Power lines run from a power plant. (Photographer: George Frey/Bloomberg)

Discom Debt To Rise To Pre-UDAY Level This Fiscal, Says Crisil

The total debt of power distributors is expected to go up to the level before the implementation of government’s revival plan for the ailing units as states’ finances deteriorated over the past few years.

The aggregate external debt of state power distribution companies is set to increase to Rs 2.6 lakh crore by March 2020, according to a media statement by Crisil Ratings, which analysed distribution companies in 15 states accounting for 85 percent of aggregate losses in India.

Prime Minister Narendra Modi launched the Ujwal Discom Assurance Yojana—a scheme aimed at improving the finances and efficiencies of electricity distribution companies—in 2015. The scheme mandated states to take over 75 percent of the debt—50 percent in 2015-16 and 25 percent in 2016-17—and issue bonds, with a mix of equity, grant and loan, for the rest. The discoms were then given operational targets to lower their losses, including those due to transmission.

“The increase in total debt to Rs 2.6 lakh crore factors in debt-funded capital expenditure, loss funding and incremental working capital requirements,” Crisil said in response to BloombergQuint’s emailed query. The arithmetic assumes an average tariff increase of 2 percent by states, and partial funding of losses through state government grants, in line with the commitments made under UDAY, the credit rating agency said.

The state power distributors had a debt of around Rs 2.75 lakh crore in September 2015 when UDAY was launched. It fell to its lowest in 2016-17 but has been rising since then. Bloomberg separately reported that combined losses by state distributors that signed up for UDAY rose to about Rs 24,000 crore ($3.4 billion) in the first nine months of the last fiscal, a 62 percent jump from a year earlier, amid an increase in coal and power costs.

Under UDAY, state power distributors were to initiate structural reforms by reducing aggregate technical and commercial losses by 900 basis points to nearly 15 percent in financial year ended March 2018 as well as implement regular tariff hikes of 5-6 percent per annum, according to the statement. In lieu, state governments took over three-fourths of discom debt, thus reducing the interest cost burden.

“While discoms enjoyed the benefit of debt reduction, structural reforms have been slow to come by,” according to Crisil’s media statement. “AT&C losses reduced by only 400 basis points by December 2018 from pre-UDAY levels and average tariff hikes were a paltry 3 percent per annum.”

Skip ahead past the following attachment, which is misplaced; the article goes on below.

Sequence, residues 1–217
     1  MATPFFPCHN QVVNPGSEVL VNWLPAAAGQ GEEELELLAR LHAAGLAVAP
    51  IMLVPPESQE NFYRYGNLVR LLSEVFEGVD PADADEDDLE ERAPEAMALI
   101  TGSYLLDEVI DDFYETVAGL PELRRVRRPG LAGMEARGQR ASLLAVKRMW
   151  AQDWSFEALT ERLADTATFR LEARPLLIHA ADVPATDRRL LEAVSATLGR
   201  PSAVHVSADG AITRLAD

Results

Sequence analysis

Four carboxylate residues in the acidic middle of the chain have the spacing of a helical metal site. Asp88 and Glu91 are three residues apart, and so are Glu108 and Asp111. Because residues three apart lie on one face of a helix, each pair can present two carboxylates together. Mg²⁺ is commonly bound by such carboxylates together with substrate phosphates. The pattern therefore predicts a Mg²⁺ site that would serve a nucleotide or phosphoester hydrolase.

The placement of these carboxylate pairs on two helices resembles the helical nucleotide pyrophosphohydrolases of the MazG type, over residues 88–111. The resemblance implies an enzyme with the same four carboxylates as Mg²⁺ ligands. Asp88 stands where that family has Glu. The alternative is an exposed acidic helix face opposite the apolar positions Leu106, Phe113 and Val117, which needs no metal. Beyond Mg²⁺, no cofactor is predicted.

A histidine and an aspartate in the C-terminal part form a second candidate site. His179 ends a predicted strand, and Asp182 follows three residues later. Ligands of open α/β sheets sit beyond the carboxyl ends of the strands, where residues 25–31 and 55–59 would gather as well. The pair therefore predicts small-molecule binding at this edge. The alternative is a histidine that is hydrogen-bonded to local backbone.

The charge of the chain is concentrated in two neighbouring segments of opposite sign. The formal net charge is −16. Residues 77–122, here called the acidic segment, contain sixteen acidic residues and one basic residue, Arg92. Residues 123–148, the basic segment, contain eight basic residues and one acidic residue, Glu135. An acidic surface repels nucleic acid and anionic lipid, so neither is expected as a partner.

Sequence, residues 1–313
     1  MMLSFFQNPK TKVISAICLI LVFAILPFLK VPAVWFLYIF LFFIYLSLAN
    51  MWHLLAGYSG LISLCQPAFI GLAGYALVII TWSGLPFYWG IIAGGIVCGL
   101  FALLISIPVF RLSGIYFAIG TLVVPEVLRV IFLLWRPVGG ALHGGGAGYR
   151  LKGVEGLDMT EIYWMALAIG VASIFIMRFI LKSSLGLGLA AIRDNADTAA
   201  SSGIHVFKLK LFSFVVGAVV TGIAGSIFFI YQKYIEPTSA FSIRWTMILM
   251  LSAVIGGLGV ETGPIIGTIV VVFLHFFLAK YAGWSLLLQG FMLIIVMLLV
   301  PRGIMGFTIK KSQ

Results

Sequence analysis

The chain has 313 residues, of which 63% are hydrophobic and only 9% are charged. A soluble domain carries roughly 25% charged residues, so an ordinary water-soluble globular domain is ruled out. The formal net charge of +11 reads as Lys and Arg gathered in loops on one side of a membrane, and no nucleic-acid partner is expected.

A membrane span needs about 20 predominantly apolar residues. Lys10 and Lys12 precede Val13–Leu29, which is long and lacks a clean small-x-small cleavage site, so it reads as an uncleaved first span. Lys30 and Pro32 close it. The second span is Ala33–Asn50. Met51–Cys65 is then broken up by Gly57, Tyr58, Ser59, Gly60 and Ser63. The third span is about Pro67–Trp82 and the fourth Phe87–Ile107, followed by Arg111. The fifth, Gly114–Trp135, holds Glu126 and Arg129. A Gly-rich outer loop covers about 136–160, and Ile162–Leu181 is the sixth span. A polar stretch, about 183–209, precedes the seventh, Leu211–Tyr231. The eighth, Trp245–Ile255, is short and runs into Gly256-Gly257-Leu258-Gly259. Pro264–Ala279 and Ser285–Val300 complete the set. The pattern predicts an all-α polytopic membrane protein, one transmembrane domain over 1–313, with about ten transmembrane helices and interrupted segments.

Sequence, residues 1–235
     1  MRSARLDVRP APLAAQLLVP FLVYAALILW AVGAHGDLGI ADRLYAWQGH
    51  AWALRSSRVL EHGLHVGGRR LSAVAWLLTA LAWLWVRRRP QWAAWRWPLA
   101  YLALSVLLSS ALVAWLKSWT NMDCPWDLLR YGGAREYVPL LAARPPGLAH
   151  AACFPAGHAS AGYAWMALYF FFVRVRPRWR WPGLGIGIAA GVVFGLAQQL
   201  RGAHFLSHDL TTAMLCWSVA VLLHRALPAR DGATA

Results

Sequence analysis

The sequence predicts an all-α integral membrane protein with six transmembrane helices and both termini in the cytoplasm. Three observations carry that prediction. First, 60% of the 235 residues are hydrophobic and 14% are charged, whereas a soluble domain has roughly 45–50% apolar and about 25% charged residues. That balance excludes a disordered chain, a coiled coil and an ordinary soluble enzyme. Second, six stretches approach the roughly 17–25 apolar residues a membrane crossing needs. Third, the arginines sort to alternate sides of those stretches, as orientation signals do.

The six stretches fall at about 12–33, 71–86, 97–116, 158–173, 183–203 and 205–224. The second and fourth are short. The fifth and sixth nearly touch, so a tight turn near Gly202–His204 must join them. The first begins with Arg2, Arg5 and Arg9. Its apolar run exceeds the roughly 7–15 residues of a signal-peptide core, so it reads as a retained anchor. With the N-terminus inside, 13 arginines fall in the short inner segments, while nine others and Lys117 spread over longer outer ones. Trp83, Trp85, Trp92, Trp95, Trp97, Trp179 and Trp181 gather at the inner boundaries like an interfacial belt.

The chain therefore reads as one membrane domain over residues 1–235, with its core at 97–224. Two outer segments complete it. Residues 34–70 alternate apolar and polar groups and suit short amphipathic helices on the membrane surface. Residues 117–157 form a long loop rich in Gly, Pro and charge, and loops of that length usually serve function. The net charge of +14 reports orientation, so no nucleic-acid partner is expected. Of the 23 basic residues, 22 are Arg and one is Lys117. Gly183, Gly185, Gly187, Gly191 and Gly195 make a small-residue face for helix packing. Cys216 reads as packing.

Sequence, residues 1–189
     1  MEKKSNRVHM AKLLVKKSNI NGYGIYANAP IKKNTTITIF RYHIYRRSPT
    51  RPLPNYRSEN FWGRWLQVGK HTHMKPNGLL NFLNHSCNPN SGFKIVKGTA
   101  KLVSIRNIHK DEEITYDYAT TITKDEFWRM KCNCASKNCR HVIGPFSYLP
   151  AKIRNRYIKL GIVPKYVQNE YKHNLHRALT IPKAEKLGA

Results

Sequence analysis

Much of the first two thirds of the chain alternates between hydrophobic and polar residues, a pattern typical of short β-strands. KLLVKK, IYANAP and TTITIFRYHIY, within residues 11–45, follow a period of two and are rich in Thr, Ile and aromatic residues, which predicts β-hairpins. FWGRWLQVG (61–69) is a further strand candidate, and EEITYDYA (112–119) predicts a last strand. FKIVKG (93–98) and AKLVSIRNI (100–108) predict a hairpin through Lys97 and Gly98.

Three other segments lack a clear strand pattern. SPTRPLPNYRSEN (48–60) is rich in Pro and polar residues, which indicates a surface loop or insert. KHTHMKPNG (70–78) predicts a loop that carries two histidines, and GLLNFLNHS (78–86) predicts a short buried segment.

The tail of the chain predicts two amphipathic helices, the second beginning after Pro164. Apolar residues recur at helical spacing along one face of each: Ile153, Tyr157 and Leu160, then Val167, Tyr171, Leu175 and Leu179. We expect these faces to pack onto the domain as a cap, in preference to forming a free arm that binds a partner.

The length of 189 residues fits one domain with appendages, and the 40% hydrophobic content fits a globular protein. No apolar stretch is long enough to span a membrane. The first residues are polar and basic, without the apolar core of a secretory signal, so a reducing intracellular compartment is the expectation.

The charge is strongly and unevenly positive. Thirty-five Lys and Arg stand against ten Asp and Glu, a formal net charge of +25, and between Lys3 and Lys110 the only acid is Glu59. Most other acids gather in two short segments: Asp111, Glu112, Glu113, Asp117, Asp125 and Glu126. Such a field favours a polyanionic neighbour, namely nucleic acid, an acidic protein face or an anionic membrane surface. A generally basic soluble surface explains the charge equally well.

Further improvement in operations may face challenges because the focus on new rural connections without adequate tariff hikes can increase losses, Subodh Rai, senior director at Crisil, said in the media statement.

That leaves states with two options: take hard decisions to get their discoms back into shape or prepare for another bail-out, the rating agency said. In 2016, most states had the fiscal headroom to assume three-fourths of the debt of their discoms, but now, because of deterioration in state finances over the past few years, the latitude is limited. So discoms have to become commercially viable through prudent tariff hikes and a material reduction in aggregate technical and commercial losses, it said.

“Nine of the 15 states under Crisil’s study, accounting for more than two-thirds of the total external debt of discoms, are already in breach of the Fiscal Responsibility and Budget Management Act bound of 25 percent debt to gross state domestic product ratio,” Naveen Vaidyanathan, associate director at Crisil, said in the media statement.

That makes structural reforms of discoms, especially ensuring cost-reflective tariffs and a material reduction in AT&C losses using measures such as smart meters, a critical need. Any delay would increase the pain for the power sector, especially for the generating companies, investors and lenders, Vaidyanathan said.

The Power Ministry clarified that debt levels of 16 UDAY states with comprehensive memoranda of understanding were to the tune of nearly Rs 3.24 lakh crore. Therefore, the prediction that discom debt at nearly Rs 2.6 lakh crore would reach pre-UDAY levels isn't correct, the ministry said on Twitter.

“The analysis perhaps discounts the fact that almost nearly Rs 85,000 crore of debt is yet to be converted into grants/equity by the participating states as per UDAY trajectories,” it said, adding: “It also perhaps ignore several CAPEX-based government of India loans and counterpart funding loans for various schemes, a large portion of which may be converted into grants.”

Also read: How Fortunes Of Discoms Changed With UDAY